Today I saw this graphic, shared by Stephen Sizer on Facebook, and found it to be informative, although it certainly doesn’t touch on every issue concerning the Israeli/Palestinian situation. The statistics are said to be valid as of 2011. This graphic illustrates a range of disparities between three groups of people when it comes to freedom, restrictions, living access, and voting:
- 5.9 million Jewish citizens in Israel
- 5.5 million Palestinians in Israel, East Jerusalem, West Bank, and the Gaza Strip
- 5.7 million Palestinian exiles/refugees with no access to Israel or the Palestinian territories
Graphic courtesy of Electronic Intifada and Visualizing Palestine
4 thoughts on “Identity Crisis: The Israeli ID System”
It is the statistics at the beginning of the conflict that tell us more about the issue of ethnic cleansing. With regard to the origins of the Palestinians ” half of us are Egyptians, and the other half are Saudi Arabians ” This was said in an interview with Egyptian TV by the leader of Hamas. Winston Churchill said in 1939 that the extent of illegal Arab immigration into Palestine was so great that the whole of world Jewry would not be able to sustain it. For the exact words of both, check it out – it is in the public domain. Huge Arab immigration into the area emanated from Egypt, Sudan, Syria, Yemen, Arabia, and Muslims from Slavic lands.
As to the land being occupied by a whole nation of Palestinians, it was desolate. My own great great grandfather, the Archdeacon of the Isle of Man, Joshua Hughes-Games, was an Anglican theologian of note, and in a diary of his visit to the Holy Land in the 1890’s he noted that there were very few people there, and was shocked at the desolation of the land. Knowing the great Christian that he was, I trust his statistics more than anyone’s!
Hi Paul. The leader of Hamas certainly exaggerated. There are testimonies from Palestinian Christians living at the time of Israel’s creation in 1948, who say they can trace their family history in the land there almost to the time of Christ. Elias Chacour, for example, shares such a testimony in his book, “Blood Brothers.” There is also this piece of information:
“According to Ottoman [empire] statistics studied by Justin McCarthy, the population of Palestine in the early 19th century was 350,000, in 1860 it was 411,000 and in 1900 about 600,000, of which 94% were Arabs. In 1914 Palestine had a population of 657,000 Muslim Arabs, 81,000 Christian Arabs, and 59,000 Jews. McCarthy estimates the non-Jewish population of Palestine at 452,789 in 1882, 737,389 in 1914, 725,507 in 1922, 880,746 in 1931 and 1,339,763 in 1946.”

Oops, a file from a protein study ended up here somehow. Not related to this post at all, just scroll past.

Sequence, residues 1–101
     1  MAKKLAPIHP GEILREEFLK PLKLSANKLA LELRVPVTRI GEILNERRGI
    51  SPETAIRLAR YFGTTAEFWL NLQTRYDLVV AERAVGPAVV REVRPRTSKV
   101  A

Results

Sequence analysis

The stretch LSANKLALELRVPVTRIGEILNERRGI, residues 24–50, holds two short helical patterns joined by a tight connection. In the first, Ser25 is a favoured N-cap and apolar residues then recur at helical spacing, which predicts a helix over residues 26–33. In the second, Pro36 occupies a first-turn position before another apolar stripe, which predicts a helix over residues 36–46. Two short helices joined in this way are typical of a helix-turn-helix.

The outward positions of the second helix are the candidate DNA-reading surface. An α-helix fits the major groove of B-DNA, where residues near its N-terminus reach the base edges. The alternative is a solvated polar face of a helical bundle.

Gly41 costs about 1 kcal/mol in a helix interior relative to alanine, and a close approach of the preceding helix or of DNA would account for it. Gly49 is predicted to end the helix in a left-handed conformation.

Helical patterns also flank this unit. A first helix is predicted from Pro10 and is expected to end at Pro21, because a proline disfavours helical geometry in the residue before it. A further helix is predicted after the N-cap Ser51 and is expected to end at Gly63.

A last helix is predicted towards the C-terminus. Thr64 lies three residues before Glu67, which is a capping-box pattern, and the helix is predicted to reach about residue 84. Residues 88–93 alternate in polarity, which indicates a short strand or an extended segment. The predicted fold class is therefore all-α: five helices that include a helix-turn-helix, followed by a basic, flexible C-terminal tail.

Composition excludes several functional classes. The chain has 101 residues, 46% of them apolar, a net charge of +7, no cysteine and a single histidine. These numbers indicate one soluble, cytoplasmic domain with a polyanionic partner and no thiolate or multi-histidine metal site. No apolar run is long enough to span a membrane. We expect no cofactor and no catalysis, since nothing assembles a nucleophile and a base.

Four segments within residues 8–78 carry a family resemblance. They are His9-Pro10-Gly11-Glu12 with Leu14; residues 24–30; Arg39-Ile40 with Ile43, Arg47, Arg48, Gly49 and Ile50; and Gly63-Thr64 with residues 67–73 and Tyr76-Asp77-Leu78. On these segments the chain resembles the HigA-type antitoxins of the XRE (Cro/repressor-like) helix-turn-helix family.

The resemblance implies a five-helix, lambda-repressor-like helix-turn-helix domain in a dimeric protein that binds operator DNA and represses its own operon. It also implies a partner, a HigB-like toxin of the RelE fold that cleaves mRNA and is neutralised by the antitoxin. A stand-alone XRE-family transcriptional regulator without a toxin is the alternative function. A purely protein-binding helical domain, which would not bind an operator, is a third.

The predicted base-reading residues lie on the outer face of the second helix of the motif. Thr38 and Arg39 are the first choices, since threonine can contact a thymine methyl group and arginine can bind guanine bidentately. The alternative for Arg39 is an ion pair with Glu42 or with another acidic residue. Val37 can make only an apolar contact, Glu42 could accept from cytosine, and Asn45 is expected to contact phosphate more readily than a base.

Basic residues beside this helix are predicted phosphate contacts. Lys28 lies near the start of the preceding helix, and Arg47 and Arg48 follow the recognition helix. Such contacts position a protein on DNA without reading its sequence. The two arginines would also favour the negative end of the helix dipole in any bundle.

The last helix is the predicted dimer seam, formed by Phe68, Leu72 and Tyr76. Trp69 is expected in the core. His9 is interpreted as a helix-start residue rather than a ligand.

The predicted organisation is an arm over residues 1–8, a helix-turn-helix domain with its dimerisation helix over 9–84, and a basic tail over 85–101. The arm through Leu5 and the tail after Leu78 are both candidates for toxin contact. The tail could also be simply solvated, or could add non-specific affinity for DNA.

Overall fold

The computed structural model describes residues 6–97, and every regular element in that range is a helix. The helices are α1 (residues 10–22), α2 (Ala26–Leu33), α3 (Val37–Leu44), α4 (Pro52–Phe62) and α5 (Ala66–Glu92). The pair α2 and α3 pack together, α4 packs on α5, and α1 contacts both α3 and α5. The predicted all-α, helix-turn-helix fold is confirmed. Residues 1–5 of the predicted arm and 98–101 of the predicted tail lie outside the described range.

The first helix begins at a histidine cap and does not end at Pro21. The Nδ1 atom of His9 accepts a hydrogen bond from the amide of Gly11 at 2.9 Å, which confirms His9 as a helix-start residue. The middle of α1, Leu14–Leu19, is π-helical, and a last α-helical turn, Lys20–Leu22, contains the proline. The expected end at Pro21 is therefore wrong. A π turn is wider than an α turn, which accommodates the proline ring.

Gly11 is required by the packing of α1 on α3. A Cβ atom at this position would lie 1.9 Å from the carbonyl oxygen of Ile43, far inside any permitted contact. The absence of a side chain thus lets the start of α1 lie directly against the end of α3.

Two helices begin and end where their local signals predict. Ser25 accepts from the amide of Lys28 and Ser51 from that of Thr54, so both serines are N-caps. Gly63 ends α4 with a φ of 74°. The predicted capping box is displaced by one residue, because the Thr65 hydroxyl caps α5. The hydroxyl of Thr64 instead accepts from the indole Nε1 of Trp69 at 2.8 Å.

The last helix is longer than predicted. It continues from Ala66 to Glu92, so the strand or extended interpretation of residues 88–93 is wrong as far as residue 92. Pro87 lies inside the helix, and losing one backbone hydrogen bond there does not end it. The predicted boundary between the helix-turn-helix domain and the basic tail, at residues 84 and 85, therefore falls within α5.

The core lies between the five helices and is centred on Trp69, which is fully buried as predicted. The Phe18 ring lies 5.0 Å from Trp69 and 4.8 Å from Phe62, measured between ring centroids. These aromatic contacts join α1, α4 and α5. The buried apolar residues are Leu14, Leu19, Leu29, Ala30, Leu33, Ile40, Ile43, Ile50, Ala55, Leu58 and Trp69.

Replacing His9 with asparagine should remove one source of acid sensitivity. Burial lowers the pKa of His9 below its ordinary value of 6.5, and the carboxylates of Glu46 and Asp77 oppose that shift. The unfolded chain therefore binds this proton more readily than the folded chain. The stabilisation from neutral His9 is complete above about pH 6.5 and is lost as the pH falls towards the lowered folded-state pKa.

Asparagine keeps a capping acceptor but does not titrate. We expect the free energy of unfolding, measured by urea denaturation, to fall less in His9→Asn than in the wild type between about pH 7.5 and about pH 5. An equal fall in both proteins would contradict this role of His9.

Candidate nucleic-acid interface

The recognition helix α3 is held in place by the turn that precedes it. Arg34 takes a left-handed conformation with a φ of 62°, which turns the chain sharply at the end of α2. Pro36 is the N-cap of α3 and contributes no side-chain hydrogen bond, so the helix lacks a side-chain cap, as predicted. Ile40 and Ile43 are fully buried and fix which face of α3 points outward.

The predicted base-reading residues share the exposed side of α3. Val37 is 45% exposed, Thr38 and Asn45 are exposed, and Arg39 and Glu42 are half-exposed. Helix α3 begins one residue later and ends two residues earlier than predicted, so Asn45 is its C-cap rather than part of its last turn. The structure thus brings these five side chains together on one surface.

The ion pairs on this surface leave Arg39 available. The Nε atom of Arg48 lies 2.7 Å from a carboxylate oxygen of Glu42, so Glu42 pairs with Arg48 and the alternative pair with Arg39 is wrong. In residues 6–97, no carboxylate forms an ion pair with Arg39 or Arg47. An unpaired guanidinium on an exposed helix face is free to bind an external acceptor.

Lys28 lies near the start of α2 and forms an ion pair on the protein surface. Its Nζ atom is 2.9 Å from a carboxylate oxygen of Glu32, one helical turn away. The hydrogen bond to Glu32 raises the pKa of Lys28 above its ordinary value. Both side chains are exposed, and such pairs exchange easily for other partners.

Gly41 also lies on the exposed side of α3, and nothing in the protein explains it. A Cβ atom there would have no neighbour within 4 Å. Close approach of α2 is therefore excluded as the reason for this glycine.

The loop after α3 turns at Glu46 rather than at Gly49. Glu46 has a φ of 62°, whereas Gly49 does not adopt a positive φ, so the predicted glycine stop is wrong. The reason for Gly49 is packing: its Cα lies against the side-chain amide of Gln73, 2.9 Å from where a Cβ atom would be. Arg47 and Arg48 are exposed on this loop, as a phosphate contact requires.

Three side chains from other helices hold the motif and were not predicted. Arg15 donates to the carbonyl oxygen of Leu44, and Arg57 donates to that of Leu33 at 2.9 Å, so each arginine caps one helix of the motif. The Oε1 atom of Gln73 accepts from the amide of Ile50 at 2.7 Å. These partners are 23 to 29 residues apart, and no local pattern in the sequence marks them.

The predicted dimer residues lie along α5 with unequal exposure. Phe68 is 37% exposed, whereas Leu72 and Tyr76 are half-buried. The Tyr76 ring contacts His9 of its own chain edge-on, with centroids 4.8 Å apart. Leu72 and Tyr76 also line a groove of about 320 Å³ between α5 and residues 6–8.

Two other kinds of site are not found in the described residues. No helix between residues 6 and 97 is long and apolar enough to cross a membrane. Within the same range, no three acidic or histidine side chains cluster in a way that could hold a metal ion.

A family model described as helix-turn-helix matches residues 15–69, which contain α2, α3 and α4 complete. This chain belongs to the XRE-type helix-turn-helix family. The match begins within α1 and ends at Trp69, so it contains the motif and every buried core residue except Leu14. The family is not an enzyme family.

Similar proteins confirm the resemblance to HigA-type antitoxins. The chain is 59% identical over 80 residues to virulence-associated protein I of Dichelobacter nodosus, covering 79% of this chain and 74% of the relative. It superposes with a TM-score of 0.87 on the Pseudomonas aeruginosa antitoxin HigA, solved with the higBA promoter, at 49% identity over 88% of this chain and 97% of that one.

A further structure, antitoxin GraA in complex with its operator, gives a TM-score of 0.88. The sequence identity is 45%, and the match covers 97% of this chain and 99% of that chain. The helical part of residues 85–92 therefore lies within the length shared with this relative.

Source: http://en.wikipedia.org/wiki/Demographics_of_Palestine; McCarthy is a demographer and professor at the University of Louisville [Kentucky])
Jews made up 11% of the population in 1922, and 30% of the population in 1942. See this post for a couple of charts showing how the numbers changed in the decades leading up to 1948:
Regardless of these things, the present discrimination and second-class treatment of Palestinians is an injustice in many ways. The graphic in this post demonstrates just a portion of it.
The Christian Palestinians are an exception, and they genuinely do have roots in the area. In fact, the majority of them used to be Jews, something which is evident even in their genetics, which show them to be very closely related genetically to Israeli Jews. They also form a very small minority of the populations of whom we speak, and have themselves often left the area because of Muslim persecution.
As for Jewish immigration into the land, we know this. It is just that Arab immigration was greater. I would tend to trust Churchill’s observations a lot more than the Ottoman statistics, which in any case, show the number of Muslims, but not how they got there. It is precisely because it was an empire that people not indigenous to the area moved freely into it, and even more so under British control.
However, 350 000 in the 19th century sounds about right. It is a small number. Approximately 700 000 left in 1948. If that had been a displacement of the entire Arab population as has been erroneously claimed, then it would be impossible to explain how the population of Israeli Arabs today, within Israel’s borders numbers nearly half that of the Jewish population, some one and a half million.
I would agree with you that to be a non Jew in Israel can be a second class citizen experience. However, it is the only country in the Middle East where women can be MP’s, and it was an Arab judge who sentenced the ex Israeli president to imprisonment , quite rightly for rape. This would never have occurred in South Africa, which is why the apartheid parallels drawn are so misleading, and why prominent ANC members are now getting annoyed that they are made, because it minimizes the very real suffering of black people in apartheid years. By comparison, enemies of Hamas are thrown out of ten story buildings. No-one however, has anything to say about this !
Thanks for your response. Yes, things are dismal in a number of the Middle Eastern nations around Israel. I’m unaware of the enemies of Hamas being thrown out of 10-story buildings. If that’s true, that’s really awful.